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 FAMILY SOLUTIONS

Parenting in a Crisis was written just after 9/11 when we started accommodating to the idea of terrorism here at home. Although written with 9/11 in mind, this article has important information when parents are concerned about their children’s adjustment to life events.

PARENTING TIPS TAKE AN ASSESSMENT THE NEWSLETTER

 

 PARENTING IN A CRISIS

DID YOU KNOW?

BEING PRONE TO ANGER CAN BE A STRONGER PREDICTOR OF DYING YOUNG THAN OTHER TYPICAL RISK FACTORS.

From Emotional Intelligence, Goleman,

THE STRESS RESPONSE

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PARENTING IN A CRISIS

by Dr. Carol Renaud Gaffney

What is the Problem? We've been terrorized, and as a result, we're experiencing a myriad of feelings -- most commonly, fear, anger and sadness. These feelings are expressed in ways that are different from what we usually do. Many of these responses are normal, given the situation. Most important, however, is trying to keep fear from becoming a phobia, anger becoming rage, or sadness becoming depression.

What would we like? If you are like me, you want life to return to the way it was. I would like to wake up from this bad dream, but unfortunately, that's not going to happen.

What is the reality? The reality is that this terrorist act has occurred; much uncertainty remains; we don't know what's going to happen next; other people are making many decisions that can affect us; and no matter what, life in America is going to be different. Our typically routine and secure life has changed, and we must adjust to the changes. So now that we understand the reality, we must consider a period of grieving and adjustment. We've been told that life is a process, and we're supposed to experience and enjoy the journey, but this is one trip that we may feel pretty uncertain about taking.

What can I expect? An unusual response to an unusual situation is normal. We have witnessed the loss of civilian lives through terrorist bombings in what we thought were peaceful times. As part of a normal response to these events, we can expect expressions of emotion, changes in thinking and changes in behavior. These changes will be more pronounced based on our tendencies toward reacting to stressful events and how close to the actual events we were. We can also expect a new structure and routine to emerge. The more aware and intentional we are, the more control we can have about what emerges.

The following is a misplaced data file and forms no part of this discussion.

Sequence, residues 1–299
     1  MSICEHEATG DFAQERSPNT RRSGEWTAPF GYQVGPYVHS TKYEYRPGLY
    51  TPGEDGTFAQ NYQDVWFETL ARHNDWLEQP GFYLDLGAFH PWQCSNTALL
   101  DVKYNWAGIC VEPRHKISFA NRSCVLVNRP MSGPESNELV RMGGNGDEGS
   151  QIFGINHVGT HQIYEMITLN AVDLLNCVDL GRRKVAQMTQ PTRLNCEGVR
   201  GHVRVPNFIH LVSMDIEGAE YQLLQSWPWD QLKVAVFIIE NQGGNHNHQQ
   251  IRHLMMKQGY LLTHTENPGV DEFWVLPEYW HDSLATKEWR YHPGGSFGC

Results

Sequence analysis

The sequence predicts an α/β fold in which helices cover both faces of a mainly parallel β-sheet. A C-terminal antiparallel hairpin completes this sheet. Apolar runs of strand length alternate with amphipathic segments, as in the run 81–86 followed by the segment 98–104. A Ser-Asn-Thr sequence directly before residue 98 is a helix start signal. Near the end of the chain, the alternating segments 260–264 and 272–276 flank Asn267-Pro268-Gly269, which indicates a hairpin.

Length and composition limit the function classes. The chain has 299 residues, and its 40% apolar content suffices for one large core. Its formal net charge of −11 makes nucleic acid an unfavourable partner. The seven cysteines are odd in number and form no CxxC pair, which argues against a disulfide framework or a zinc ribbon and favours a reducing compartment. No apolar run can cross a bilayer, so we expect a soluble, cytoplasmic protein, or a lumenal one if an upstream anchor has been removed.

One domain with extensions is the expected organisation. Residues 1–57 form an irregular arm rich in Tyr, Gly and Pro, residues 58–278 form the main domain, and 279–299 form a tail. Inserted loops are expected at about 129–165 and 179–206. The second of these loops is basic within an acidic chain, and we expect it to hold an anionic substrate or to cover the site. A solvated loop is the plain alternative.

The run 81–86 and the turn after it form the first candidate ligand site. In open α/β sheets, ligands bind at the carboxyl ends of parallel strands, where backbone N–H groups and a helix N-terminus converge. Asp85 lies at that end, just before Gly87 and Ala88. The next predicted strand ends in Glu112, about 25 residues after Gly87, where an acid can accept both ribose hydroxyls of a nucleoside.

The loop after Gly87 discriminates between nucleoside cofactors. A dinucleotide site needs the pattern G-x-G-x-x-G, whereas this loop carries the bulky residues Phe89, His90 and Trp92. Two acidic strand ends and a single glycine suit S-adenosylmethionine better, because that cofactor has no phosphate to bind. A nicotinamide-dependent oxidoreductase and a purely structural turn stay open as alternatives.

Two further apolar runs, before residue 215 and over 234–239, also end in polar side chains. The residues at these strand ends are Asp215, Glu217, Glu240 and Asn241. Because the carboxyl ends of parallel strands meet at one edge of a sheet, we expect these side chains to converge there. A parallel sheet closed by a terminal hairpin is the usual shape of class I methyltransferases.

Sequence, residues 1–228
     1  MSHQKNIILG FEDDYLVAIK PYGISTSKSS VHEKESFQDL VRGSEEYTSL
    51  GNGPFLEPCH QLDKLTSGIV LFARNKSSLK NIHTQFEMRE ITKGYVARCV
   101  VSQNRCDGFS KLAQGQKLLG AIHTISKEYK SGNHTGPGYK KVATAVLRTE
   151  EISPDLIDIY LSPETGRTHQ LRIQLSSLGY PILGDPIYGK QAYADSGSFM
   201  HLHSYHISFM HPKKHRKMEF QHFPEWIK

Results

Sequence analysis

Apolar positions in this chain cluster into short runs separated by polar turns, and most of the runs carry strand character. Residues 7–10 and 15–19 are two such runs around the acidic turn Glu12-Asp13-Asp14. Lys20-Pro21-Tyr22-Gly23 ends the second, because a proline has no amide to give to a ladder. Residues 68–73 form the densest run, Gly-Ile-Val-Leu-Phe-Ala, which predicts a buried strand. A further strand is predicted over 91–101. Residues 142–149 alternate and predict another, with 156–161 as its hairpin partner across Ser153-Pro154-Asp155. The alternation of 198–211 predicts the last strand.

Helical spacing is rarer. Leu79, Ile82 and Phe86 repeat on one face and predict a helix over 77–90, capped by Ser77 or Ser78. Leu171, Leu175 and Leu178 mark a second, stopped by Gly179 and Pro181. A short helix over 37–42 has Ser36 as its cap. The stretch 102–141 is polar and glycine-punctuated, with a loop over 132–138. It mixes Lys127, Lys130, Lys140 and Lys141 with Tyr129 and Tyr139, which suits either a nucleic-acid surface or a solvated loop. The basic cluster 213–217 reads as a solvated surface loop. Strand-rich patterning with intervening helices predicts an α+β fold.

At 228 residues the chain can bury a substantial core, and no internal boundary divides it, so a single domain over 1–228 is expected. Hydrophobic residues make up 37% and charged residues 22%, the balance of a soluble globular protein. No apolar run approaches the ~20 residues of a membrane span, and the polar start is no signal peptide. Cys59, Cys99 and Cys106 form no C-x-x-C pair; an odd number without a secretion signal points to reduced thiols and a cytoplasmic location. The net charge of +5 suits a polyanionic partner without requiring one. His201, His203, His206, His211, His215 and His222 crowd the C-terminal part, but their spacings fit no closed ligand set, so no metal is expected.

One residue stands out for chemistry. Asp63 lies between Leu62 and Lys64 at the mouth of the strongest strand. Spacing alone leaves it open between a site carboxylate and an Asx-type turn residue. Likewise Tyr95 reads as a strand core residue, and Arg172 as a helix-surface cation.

What are symptoms of stress?
Symptoms vary by age but can include:

  • Increased aggression
  • Spending more time alone
  • Not wanting to leave the family
  • Interrupted sleep
  • Changes in eating
  • Drop in grades
  • Not wanting to sleep alone
  • Guilt
  • Increased concerns about health
  • Unrelenting need for information and understanding

What can I do?
 
Be a STAR Stop Think Assess Respond

  • Take good care of yourself, understand your own feelings, manage your thinking and behavior and become role models for your children. You can't take care of them if you are running on empty.
  • Grieve your losses and respect the process. Making feelings disappear doesn't make them go away.
  • Create a new normality, getting back to typical schedules as soon as possible.
  • Integrate the grieving process into life - don't let it become life.
  • Plan more time to be with your children
  • Understand your child's style and how that blends with your own. Adjust your style to theirs to communicate more easily.
  • Answer questions honestly but without more information than necessary. Consider the age and understanding level of your child. If you don't know the answer to a question, find out and be sure to get back to your children with what you've learned.
  • Reduce the amount of TV time - especially for the younger children. With children under 6 or 7, every time they see the towers fall, it's like it's happening all over again.
  • Draw your children out and ask them what they know about what happened and what their feelings are.
  • Talking about fear won't make your children more afraid. It may actually calm them.
  • Reassure your children, but be honest. For example -"many new security measures are in place to help keep us safe," but not," there won't be any more plane crashes."
  • Do something in that is helpful for someone else.

When do I seek professional help?

  • When you know you are having difficulty adjusting.
  • When the changes you notice in your child are not reducing after two weeks.

Where is help available?
Clergy
Pediatricians
School counselors
Local mental health organizations

For more information on the web
http://www.aboutourkids.org
http://www.drspock.com
http://healthscout.com/template.asp?page=newsdetail&ap=1&id=501569


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TAKE AN ASSESSMENT

The more you know about your style, the easier it is to figure out what naturally stresses you and what to do to relax.

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TAKE A DEEP BREATH, RELAX
Stress and strain of daily living got you down? Breathe. Relax. Reclaim yourself and your energy – two minutes at a time.

TAKE A DEEP BREATH, RELAX
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